Air Canada looks to government aid, cargo and fleet cuts to stem $685-million loss

Air Canada looks to government aid, cargo and fleet cuts to stem $685-million loss
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Air Canada is trimming the number of planes in its fleet and looking to grow its cargo business as the airline wrestles with a drop of 88 per cent fewer paying passengers than last summer due to the COVID-19 pandemic.

On Monday, the Montreal-based airline said it lost $685 million, or $2.31 per diluted share, in the three months ending Sept. 30, during what is normally its most profitable quarter.

During the same period last year, Air Canada had a profit of $636 million, or $2.35 per diluted share. Third-quarter sales fell 86 per cent from a year ago, down to $757 million from $4.77 billion.

The company says it hopes to save $3 billion between now and 2023 by cutting the number of planes in its hangars. It plans to retire 79 older aircraft, defer the purchase of 18 Airbus planes and 16 Boeing planes, and cancel its plans to buy 10 Boeing 737 MAX 8 and 12 Airbus A220s.

The cost-cutting measures come as the company plans to cut its fourth-quarter capacity by approximately 75 per cent compared with the fourth quarter of 2019.

The company — which has already cut 20,000 jobs, suspended 30 domestic routes and closed eight regional stations this year  — said it is eyeing another 95 routes for potential suspension and nine Canadian stations for potential closure.

Air Canada’s third-quarter financial results came on the heels of a Sunday announcement by Transport Minister Marc Garneau, who said the government will soon announce aid for the country’s airline industry. Garneau said the help will be contingent on carriers providing refunds to passengers whose flights were cancelled.

Chief executive Calin Rovinescu said the company is planning to dive into talks with the government “immediately” this week, and that it will wait to close additional routes and stations depending on how the talks progress.

Despite these money-saving measures, the airline says its net cash burn for the quarter totalled $818 million or approximately $9 million per day, better than its expectations for between $1.35 billion and $1.6 billion or between $15 million and $17 million per day.

Net debt was $4.97 billion as of Sept. 30, up by $2.13 billion from the end of last year.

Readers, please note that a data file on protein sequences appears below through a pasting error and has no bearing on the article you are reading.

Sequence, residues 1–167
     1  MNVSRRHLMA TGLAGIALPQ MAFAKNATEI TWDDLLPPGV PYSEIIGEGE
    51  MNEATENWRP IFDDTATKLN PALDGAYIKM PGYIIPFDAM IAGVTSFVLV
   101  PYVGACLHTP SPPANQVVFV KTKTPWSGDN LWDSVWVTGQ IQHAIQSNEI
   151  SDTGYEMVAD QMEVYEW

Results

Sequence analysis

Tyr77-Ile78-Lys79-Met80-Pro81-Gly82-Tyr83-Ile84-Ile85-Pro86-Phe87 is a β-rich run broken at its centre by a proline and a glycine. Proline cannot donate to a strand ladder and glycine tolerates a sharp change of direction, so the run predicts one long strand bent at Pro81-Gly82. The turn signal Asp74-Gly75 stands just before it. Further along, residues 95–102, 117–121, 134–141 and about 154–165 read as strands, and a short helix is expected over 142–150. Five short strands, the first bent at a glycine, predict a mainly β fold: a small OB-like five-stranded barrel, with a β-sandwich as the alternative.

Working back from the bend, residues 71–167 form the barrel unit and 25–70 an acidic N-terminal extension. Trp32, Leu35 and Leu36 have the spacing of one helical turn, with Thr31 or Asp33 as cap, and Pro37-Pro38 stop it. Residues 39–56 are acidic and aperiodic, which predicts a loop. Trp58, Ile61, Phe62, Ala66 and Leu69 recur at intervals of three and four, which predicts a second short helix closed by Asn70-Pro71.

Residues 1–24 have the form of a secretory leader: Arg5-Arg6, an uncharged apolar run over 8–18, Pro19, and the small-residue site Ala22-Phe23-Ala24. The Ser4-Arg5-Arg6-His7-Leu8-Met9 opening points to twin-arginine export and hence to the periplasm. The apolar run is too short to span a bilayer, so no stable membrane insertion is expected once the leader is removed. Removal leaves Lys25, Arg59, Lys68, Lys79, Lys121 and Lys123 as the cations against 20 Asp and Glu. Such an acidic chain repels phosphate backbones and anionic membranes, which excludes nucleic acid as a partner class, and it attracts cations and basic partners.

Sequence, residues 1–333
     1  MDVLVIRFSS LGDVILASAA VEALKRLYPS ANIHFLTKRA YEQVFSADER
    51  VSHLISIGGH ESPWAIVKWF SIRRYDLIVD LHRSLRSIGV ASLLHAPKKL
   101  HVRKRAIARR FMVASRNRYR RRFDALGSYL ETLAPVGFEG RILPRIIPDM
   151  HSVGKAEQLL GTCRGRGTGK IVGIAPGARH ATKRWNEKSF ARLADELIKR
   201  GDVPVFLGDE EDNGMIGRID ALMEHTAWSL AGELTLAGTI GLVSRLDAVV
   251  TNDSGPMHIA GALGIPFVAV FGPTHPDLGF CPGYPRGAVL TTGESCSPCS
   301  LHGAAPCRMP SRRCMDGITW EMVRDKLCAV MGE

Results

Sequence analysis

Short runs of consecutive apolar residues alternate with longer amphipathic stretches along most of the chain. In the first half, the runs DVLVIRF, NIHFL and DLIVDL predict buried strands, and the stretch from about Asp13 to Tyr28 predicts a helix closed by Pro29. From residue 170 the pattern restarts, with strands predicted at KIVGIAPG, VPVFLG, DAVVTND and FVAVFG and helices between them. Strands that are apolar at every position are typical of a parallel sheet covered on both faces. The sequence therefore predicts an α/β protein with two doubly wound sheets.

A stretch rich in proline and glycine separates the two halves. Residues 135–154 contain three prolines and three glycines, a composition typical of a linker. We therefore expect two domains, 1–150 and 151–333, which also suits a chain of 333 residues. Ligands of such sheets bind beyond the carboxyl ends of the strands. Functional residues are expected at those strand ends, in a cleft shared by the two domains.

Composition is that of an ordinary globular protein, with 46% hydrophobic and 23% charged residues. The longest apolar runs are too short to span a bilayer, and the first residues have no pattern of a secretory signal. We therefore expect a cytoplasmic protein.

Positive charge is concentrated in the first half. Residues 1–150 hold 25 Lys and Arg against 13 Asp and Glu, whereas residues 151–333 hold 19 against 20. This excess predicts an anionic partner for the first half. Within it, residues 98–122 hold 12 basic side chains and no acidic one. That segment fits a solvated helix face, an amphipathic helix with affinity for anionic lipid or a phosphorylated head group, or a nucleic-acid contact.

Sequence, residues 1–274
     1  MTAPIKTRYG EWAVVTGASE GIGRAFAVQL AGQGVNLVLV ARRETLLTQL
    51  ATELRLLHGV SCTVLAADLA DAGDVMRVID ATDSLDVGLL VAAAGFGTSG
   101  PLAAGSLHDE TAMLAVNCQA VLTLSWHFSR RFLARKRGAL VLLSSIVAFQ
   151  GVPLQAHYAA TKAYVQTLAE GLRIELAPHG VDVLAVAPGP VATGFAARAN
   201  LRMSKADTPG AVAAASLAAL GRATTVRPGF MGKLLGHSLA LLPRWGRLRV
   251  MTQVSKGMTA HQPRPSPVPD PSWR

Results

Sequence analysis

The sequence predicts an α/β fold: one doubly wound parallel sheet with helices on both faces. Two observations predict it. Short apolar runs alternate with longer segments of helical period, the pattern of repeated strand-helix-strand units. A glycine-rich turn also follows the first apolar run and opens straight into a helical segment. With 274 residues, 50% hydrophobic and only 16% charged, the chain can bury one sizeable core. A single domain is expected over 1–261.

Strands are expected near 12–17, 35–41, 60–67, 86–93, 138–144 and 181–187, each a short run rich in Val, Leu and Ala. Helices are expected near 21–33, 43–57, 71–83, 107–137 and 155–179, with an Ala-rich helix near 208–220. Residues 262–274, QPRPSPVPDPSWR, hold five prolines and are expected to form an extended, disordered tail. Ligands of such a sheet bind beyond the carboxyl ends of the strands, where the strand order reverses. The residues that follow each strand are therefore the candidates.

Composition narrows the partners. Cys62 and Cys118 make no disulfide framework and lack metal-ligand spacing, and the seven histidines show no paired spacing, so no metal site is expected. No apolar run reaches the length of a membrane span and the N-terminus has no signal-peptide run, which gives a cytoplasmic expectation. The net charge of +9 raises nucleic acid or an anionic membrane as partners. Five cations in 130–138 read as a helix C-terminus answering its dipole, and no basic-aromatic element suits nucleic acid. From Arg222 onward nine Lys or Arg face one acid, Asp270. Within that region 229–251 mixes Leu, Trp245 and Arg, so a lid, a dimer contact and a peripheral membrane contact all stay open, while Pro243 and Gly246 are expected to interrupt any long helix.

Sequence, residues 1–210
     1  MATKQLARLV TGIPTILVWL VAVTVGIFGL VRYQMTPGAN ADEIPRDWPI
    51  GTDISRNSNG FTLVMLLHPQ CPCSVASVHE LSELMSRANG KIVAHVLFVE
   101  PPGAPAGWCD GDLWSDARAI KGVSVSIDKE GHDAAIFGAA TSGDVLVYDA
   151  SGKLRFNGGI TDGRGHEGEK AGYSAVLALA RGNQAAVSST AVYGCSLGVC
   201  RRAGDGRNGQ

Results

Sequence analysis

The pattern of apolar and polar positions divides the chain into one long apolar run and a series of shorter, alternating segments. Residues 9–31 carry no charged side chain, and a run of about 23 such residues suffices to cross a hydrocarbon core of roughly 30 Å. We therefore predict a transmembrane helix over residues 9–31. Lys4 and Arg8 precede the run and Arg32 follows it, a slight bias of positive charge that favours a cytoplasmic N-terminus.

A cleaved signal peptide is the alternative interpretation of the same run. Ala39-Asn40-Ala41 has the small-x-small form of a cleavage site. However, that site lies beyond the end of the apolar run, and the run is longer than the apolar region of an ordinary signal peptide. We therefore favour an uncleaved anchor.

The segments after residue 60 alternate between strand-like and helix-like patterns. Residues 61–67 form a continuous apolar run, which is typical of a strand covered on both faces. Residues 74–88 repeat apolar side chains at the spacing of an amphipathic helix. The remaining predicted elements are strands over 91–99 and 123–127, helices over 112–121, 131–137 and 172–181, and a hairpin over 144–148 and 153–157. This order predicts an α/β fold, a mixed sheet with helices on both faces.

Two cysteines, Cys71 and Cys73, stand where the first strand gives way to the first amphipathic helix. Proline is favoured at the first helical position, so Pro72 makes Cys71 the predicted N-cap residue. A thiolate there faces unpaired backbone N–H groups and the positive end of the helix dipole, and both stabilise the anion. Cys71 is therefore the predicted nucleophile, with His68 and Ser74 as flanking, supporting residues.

Lucie Guillemette, executive vice president and chief commercial officer, said Air Canada has struggled more than some U.S. counterparts with the COVID-19 pandemic, as the Chinese government has limited the number of flights from Canada and the bubble of Atlantic provinces dampened domestic travel.

Slashing airplane orders and other costs means that Air Canada will emerge from the COVID-19 pandemic as a smaller company, executives told analysts on a conference call Monday. Rovinescu said Air Canada expects to have a smaller footprint for “several years.”

Despite calling the company’s recovery “fragile” and “uneven,” executives left the door open to expanding through the proposed acquisition of Transat, as well as buying planes later through flexible contracts or bankruptcies.

Executives also said they plan to grow the business in other ways. For one, Air Canada was among the first airlines to reconfigure passenger planes to deliver cargo instead. The company is among contenders for a government contract to transport COVID-19 vaccines, and Guillemette said Air Canada is hoping to leverage the growing popularity of online shopping and the need to transport medical supplies.

Air Canada is also investing in technology to improve health and safety in airports, encouraging rapid testing trials and touchless lounges, and is trying to reach “niche” markets travelling to Qatar and the Caribbean.

This report by The Canadian Press was first published Nov. 9, 2020.

Companies in this story: (TSX:AC)

Anita Balakrishnan, The Canadian Press

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